The Sitcanxu





The Sitcanxu, Bois Brules or Burned Thighs, are divided locally into (1)

Qeyata-witcaca (Heyata wicasa), People-away-from-the-river, the Highland

or Upper Brule, and (2) the Kud (Kuta or Kunta)-witcaca, the Lowland or

Lower Brule. The Sitcanxu are divided socially into gentes, of which the

number has increased in recent years. The following names of their gentes

were given to the author in 1880 by Tatanka-wakan, Mysterious

Buffalo-bull: 1, Iyak'oza (Iyakoza), Lump (or wart)-on-a-horse's-leg. 2,

Tcoka-towela (Coka-towela), Blue-spot-in-the-middle. 3, Ciyo-tanka

(Siyo-tanka), Large grouse or prairie chicken. 4, Ho-mna, Fish-smellers.

5, Ciyo-subula (Siyo-subula), Sharp-tail grouse. 6, Kanxi-yuha

(Kangi-yuha), Raven keepers. 7, Pispiza-witcaca (Pispiza-wicasa),

Prairie-dog people. 8, Walexa-un-wohan (Walega un wohan),

Boil-food-with-the-paunch-skin (walega). 9, Watceunpa (Waceunpa),

Roasters. 10, Cawala (Sawala), Shawnee; the descendants of a Shawnee chief

adopted into the tribe. 11, Ihanktonwan (Ihanktonwan), Yankton, so called

from their mothers, Yankton women; not an original Sitcanxu gens. 12,

Naqpaqpa (Nahpahpa), Take-down (their)-leggings (after returning from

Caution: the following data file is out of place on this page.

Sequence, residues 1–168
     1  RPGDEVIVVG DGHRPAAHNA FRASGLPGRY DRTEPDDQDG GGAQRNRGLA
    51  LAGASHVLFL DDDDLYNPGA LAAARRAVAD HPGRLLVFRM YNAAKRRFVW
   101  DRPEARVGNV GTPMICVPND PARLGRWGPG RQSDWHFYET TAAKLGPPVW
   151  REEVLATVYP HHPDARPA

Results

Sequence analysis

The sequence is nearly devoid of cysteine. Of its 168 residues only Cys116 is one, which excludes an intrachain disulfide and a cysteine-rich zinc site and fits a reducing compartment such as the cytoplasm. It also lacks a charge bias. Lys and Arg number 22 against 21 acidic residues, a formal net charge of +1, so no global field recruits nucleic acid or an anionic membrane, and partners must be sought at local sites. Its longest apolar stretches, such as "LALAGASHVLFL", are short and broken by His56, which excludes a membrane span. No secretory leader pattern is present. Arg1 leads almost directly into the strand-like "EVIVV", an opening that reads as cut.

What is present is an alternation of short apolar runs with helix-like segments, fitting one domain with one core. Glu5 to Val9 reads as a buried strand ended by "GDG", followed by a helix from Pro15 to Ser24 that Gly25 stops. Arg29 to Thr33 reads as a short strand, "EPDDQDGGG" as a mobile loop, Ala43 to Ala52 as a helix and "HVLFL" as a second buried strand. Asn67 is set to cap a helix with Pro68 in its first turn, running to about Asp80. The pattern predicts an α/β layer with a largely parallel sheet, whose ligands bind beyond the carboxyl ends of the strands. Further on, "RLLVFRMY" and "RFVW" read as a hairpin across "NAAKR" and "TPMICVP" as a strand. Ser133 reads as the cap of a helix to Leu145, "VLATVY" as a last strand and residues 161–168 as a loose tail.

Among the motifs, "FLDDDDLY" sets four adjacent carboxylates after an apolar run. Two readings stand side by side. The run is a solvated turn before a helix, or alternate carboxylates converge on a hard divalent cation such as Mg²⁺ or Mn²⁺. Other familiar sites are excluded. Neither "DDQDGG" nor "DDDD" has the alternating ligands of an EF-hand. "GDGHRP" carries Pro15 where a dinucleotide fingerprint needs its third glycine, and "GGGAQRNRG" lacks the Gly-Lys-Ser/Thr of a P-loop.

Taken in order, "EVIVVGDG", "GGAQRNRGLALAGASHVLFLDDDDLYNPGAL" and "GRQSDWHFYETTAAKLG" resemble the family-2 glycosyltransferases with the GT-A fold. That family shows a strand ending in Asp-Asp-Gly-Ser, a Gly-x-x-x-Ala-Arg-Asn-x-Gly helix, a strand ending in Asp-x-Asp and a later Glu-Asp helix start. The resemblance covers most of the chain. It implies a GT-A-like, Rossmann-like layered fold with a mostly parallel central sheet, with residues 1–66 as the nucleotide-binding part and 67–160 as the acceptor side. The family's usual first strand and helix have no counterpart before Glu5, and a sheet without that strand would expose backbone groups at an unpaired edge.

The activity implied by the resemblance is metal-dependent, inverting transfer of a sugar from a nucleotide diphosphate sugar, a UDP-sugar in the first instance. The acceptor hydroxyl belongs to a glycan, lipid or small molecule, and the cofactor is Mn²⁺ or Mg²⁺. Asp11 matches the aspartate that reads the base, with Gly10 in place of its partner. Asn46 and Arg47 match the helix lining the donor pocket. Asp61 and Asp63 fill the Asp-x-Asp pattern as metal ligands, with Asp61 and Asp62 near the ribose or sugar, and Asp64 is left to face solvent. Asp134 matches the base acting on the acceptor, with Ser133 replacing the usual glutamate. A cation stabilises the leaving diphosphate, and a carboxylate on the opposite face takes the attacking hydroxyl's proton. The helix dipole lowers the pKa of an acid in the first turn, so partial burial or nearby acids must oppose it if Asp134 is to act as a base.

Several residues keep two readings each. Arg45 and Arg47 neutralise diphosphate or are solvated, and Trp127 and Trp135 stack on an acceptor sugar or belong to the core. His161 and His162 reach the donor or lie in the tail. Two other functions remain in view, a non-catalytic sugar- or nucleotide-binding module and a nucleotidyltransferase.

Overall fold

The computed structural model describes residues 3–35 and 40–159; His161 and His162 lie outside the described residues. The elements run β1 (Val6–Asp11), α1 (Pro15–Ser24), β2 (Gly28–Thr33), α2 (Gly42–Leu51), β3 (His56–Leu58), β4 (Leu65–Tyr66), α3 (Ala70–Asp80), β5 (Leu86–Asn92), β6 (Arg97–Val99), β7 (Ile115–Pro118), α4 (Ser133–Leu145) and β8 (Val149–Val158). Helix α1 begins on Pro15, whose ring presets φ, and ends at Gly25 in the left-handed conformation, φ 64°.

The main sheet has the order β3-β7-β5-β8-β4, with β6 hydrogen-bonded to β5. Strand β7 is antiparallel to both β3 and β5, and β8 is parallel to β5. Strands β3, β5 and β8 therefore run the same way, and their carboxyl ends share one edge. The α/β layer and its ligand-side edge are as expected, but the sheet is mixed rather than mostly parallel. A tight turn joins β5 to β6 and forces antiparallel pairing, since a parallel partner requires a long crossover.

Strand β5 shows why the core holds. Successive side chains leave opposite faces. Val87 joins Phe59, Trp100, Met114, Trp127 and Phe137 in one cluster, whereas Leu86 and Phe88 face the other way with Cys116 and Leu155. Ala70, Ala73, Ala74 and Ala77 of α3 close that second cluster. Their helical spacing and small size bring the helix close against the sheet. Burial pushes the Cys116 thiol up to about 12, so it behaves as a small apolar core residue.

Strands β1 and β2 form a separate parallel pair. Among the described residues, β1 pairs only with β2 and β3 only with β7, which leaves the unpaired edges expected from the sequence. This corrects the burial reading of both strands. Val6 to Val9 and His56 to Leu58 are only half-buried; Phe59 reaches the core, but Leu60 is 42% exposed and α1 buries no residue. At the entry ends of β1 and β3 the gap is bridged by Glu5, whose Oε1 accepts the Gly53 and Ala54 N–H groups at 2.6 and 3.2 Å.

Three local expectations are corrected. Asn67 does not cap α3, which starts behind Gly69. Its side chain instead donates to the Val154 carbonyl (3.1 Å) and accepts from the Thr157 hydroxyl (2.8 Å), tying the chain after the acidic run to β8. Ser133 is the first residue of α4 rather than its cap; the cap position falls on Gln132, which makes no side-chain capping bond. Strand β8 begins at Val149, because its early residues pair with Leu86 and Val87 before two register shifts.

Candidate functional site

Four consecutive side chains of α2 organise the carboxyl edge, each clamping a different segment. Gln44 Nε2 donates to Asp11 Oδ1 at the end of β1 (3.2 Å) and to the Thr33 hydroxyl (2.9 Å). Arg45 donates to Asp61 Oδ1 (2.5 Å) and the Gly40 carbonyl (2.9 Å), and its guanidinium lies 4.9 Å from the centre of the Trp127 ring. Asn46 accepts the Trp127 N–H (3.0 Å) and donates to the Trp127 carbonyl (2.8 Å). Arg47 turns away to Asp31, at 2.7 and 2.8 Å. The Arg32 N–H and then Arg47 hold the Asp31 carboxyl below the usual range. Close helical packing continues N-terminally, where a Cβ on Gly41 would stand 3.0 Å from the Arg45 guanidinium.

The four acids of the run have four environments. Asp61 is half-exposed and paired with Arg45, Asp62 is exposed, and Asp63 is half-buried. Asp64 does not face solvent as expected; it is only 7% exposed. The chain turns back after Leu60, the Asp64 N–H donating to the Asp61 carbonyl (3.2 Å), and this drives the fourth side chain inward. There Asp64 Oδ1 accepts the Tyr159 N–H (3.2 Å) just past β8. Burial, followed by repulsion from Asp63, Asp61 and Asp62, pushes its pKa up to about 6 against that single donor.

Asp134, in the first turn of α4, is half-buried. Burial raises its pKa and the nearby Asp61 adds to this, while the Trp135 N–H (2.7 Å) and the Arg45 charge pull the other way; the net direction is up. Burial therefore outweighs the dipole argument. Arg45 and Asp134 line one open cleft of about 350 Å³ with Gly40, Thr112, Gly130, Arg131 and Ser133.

war). 13, Apewan-tanka (Apewan tanka), Big manes (of horses).



In 1884 Reverend W.J. Cleveland sent the author the accompanying diagram

(figure 32) and the following list of Sitcanxu gentes, containing names

which he said were of very recent origin; 1, Sitcanxu proper. 2, Kak'exa

(Kakega),Making-a-grating-sound. 3a, Hinhan-cun-wapa (Hinhan-sun-wapa),

Toward-the-owl-feather. 3b, Cunikaha-napin (Sunkaha napin),

Wears-a-dogskin-around-the-neek, 4, Hi-ha kanhanhan win (Hi-ha kanhanhan

win), Woman (win) -the-skin (ha) -of-whose-teeth (hi) -dangles

(kanhanhan). 5, Hunku-wanitca (Hunku-wanica), Without-a-mother. 6,

Miniskuya-kitc'un (Miniskuya kicun), Wears salt. 7a, Kiyuksa,

Breaks-or-cuts-in-two-his-own (custom, etc; probably referring to the

marriage law; see Mdewakantonwan gens number 1). 7b, Ti-glabu,

Drums-iu-his-own-lodge. 8, Watceunpa (Waceunpa), Boasters. 9, Wagluqe

(Wagluhe), Followers, commonly called loafers; A.L. Riggs thinks the word

means in-breeders. 10, Isanyati (Isanyati), Santee (probably derived

from the Mdewakantonwan). 11, Wagmeza-yuha, Has corn. 12a, Walexa-on-wohan

(Walega-on-wohan), Boils-with-the-paunch-skin. 12b, Waqna (Wahna), Snorts.

13, Oglala-itc'itcaxa (Oglala-icicaga), Makes-himself-an-Oglala. 14,

Tiyotcesli (Tiyocesli), Dungs-in-the-lodge. 15, Wajaja (Wazaza), Osage

(?). 16, Ieska-tcintca (Ieska-cinca), Interpreter's sons; half-bloods.

17, Ohe-nonpa (Ohe-nonpa), Two boilings or kettles. 18, Okaxa-witcaca

(Okaga-wicasa), Man-of-the-south.





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